Effectively from then on the IRA was redundant in the 26 counties as a political force and it wasn't until after World War II that a new generation of the IRA ceased to attack the Southern state and began to concentrate on the North and partition. Their 1950s campaign achieved very little except to leave behind a generation of veterans who emerged with the Provisional IRA in 1969.
Not surprisingly, their attitude to parliamentary politics North and South from 1969 until the Belfast Agreement in 1998 was of the 1916 variety. Despite the fury of the Southern political establishment and the despair of constitutional politics in the North, the IRA bore allegiance only to themselves and the “moral rights” as asserted in the 1916 tradition.
Down to the present day the current crisis in the republican movement is directly descended from the original “revolutionary” as against “popular mandate” dispute. In this contest, the “ballot box and Armalite” slogan is therefore historically fascinating. In short, in almost a hundred years, even allowing for a brief period of crossover during the War of Independence, it has never been tried before.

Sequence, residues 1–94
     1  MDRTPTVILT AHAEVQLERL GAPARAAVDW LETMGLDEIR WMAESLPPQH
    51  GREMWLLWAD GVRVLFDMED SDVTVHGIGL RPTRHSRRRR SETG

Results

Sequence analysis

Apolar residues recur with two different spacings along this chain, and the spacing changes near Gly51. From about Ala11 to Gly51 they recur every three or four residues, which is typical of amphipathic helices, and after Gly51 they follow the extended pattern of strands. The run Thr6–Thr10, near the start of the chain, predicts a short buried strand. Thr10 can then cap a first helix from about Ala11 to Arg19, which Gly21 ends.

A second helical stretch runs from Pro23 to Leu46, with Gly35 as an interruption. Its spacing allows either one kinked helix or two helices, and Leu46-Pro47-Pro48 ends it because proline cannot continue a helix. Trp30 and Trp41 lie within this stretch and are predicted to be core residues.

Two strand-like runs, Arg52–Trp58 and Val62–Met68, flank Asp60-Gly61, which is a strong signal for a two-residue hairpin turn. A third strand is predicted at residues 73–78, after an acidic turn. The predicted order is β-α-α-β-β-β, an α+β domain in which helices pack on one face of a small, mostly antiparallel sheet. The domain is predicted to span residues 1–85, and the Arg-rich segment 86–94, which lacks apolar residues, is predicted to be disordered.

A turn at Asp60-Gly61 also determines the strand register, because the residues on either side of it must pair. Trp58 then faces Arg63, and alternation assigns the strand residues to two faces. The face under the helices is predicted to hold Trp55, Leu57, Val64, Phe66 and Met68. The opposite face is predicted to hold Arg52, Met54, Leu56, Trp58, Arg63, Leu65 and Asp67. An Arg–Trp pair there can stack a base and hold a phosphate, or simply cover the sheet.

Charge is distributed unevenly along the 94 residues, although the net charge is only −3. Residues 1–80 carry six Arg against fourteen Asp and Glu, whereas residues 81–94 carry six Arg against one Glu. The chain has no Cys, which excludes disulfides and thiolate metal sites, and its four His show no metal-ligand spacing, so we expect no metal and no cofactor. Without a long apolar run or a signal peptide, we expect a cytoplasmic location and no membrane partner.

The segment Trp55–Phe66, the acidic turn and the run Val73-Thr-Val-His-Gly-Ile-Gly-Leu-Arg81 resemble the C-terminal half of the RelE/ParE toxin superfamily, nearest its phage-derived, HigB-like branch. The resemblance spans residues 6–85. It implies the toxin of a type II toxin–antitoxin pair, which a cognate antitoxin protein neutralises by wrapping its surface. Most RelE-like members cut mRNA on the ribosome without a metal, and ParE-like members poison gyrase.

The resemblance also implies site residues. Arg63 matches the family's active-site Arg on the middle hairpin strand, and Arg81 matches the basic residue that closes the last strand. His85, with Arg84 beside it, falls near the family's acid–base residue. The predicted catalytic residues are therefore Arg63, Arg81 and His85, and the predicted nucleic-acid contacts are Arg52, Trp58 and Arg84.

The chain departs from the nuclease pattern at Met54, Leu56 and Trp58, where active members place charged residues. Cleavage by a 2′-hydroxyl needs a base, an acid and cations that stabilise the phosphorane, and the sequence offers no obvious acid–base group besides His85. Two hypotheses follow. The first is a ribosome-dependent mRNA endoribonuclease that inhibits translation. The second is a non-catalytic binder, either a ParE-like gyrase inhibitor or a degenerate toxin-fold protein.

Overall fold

No wonder that at this particular moment, the current republican movement is experiencing such difficulty. No wonder the Southern political establishment has been so insistent on burying 1916 in a political consensus that ignores so many questions.
However, by contrast, 1916 as a proto-type of anti-colonial assertion of national sovereignty had an extraordinary impact on 20th century world history.
Across the British Empire from India to Africa and then into the Middle East, the lessons of the “foggy dew” spread like a plague on imperial assumptions. The ghosts of Pearse and Connolly became symbolic anti-colonial stereotypes across the globe.
Whatever about Ireland the proclamation went about and the world was never the same again.

Tom McGurk is a writer and broadcaster based in Dublin.